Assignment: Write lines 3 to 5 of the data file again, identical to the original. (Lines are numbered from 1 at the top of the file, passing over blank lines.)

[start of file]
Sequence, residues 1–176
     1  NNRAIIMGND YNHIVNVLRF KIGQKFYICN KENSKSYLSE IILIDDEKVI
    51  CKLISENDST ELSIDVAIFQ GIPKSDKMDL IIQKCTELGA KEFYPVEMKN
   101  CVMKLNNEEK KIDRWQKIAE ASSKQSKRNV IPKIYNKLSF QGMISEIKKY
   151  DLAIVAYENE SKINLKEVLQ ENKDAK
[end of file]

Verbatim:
    51  CKLISENDST ELSIDVAIFQ GIPKSDKMDL IIQKCTELGA KEFYPVEMKN
   101  CVMKLNNEEK KIDRWQKIAE ASSKQSKRNV IPKIYNKLSF QGMISEIKKY
   151  DLAIVAYENE SKINLKEVLQ ENKDAK